Methods of data collection by companies

Methods of data collection by companies

Big data has begun to announce a global tipping point in the high tech industry, providing enterprises and governments with a huge amount of data on virtually everything that people choose to do online. But big data goes beyond online cookies and tracking.

Using big data can give businesses an interesting, and sometimes surprising, insight into our lives. This article highlights some of the most unusual ways that big data can be collected.



Loyalty cards

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The use of loyalty cards can bring some benefits, as it encourages loyal customers and encourages them to make more purchases.

At the same time, customers should be aware that every time they use loyalty or credit cards, their purchase details are tracked and stored.

While this helps retailers understand what products are sold to different groups of customers, this information can also be used to create detailed customer profiles that can then be sold to advertisers and other businesses.



Gameplay

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Online players are not exempt from collecting large data.

Permanent connection to the Internet of devices allows game developers to instantly access large amounts of data, even if the game is a single-player.

Whenever a user encounters difficulties at a certain level, makes a purchase in the application, installs or deletes a game, plays for a long period of time, or gives up after a few minutes, this information is tracked and stored.

Satellite Snapshots

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One interesting source of big data is what you can see from the sky. With the development of Google Earth and Google Maps satellite data became publicly available. This allows experienced analysts to create amazingly complete pictures of certain areas and even begin to understand the types of people who live and work in these places.

Employer Databases

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HR departments can use big data to profile their employees and quantify their productivity in the workplace. The history of employees within a company may be of general interest, but the big data also includes less intuitive numbers, including:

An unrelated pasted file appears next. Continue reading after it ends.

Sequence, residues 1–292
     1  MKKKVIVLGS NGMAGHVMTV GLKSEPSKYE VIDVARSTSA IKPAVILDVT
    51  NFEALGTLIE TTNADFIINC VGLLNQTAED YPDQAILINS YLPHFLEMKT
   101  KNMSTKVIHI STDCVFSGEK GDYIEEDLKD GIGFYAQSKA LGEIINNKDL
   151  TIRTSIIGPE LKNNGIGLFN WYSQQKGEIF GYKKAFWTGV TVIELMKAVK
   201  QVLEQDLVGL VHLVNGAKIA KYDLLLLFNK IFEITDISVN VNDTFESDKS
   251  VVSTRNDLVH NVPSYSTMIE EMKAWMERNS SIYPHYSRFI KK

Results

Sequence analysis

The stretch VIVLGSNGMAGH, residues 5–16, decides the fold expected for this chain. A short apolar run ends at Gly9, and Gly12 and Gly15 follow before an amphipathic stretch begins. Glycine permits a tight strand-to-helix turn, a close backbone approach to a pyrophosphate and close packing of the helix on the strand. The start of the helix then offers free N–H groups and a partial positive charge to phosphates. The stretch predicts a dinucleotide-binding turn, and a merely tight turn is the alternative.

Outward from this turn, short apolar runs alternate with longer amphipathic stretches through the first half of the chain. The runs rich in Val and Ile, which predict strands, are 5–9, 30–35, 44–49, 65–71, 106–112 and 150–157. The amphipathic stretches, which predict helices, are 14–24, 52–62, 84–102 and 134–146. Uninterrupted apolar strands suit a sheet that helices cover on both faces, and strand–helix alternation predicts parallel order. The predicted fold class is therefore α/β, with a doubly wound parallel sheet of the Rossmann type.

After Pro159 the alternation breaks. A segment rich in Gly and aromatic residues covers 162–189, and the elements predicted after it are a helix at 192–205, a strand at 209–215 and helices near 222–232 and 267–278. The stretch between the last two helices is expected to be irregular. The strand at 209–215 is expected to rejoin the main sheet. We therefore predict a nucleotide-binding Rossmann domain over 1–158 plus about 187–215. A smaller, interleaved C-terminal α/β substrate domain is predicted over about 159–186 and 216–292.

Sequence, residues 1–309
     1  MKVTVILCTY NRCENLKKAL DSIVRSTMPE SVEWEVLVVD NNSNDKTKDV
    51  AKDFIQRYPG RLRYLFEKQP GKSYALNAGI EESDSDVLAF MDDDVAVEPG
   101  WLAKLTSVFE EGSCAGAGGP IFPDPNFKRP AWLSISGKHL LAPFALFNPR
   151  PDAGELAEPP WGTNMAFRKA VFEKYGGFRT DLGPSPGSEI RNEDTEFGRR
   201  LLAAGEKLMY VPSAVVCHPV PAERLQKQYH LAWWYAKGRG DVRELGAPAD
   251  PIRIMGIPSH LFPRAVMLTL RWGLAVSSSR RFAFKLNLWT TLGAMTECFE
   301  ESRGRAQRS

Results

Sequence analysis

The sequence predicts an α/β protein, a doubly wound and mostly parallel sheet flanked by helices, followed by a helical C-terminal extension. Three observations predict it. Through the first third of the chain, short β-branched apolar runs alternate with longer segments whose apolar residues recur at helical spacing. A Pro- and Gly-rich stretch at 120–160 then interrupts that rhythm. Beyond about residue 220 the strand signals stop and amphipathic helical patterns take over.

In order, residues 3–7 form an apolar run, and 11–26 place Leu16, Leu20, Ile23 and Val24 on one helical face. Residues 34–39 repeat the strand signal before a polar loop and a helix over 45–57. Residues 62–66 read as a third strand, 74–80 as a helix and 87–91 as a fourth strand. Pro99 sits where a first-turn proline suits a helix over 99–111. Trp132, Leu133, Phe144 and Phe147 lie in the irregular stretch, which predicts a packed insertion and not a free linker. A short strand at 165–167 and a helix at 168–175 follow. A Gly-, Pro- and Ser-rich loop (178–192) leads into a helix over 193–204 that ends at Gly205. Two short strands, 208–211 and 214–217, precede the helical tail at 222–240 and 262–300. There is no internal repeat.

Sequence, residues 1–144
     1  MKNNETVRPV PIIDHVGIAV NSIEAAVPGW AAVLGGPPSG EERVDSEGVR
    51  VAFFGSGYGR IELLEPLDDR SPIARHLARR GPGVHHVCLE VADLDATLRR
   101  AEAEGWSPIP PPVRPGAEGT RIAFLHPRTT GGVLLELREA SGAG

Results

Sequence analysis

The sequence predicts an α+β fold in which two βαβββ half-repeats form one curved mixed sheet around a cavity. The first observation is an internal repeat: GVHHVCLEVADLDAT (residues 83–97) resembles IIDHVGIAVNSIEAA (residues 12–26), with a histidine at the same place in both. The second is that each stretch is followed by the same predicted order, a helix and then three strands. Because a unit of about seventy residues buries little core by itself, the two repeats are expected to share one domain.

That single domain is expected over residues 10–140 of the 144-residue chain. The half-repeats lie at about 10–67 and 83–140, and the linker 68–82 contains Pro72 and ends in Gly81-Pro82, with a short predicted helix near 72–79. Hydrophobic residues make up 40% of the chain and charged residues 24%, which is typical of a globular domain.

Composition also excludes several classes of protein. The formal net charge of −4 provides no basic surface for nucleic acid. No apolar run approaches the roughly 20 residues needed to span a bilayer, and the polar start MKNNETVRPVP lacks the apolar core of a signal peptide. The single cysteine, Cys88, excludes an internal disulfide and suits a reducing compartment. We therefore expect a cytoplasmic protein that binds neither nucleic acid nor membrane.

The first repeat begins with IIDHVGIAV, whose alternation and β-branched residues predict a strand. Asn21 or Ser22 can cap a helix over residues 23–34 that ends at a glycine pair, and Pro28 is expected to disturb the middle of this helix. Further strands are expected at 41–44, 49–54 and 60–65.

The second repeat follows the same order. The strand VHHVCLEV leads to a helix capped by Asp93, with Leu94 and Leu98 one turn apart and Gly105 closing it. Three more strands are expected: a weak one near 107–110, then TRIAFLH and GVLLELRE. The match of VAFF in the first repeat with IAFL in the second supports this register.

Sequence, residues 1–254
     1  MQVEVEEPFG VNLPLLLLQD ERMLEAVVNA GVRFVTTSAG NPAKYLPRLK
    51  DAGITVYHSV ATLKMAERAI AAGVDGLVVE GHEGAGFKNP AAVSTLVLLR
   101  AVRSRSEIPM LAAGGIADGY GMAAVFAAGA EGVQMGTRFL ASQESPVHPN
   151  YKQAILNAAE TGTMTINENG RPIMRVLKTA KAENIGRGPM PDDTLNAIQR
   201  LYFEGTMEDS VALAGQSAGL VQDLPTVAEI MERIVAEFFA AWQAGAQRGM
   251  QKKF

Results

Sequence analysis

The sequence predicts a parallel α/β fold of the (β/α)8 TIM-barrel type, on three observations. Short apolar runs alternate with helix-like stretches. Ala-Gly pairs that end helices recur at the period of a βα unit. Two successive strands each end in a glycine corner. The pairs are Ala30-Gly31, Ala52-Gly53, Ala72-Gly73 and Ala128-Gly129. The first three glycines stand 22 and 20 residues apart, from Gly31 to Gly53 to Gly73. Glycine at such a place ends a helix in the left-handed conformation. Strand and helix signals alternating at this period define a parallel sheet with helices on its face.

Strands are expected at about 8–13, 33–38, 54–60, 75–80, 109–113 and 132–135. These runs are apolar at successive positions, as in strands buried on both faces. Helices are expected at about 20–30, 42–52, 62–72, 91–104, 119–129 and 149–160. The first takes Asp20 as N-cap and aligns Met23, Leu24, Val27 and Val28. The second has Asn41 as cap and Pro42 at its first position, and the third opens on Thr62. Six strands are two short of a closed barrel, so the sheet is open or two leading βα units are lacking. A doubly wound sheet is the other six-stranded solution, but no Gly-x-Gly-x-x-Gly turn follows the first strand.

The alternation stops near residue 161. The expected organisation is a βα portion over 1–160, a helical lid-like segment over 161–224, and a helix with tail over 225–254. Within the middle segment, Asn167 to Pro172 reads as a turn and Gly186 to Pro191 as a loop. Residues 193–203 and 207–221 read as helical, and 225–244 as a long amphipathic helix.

• The amount of time that employees spend with certain programs on their computers

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    • The time of day when employees are most active

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    • The time when employees first turn on their devices

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Information documented by technology can often find application in large data sets and help to create an understanding of employee quality.

Your mailbox

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Modern mail services are stores of large amounts of user data.

Although the information below does not apply to all services, it does apply to some of the most popular email service providers, including Google and Yahoo. Both of these companies use algorithms to scan the content of your email according to certain keywords in order to provide advertising targeted at your interests.

For example, this may include links to book hotels after you receive an email describing your upcoming trip.

Social Media Activity

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Social networking sites are another major provider of big data. Social network users are often willing to provide information about their personal life to such services, and agreements on service terms usually give the sites the right to store and use this information at their discretion.

However, big data analytics can also be used to document which features users agree to disable, which records they delete and how often they visit the site on different days. This information can be used to create detailed profiles of users’ habits and determine what information is important to them.

Use big data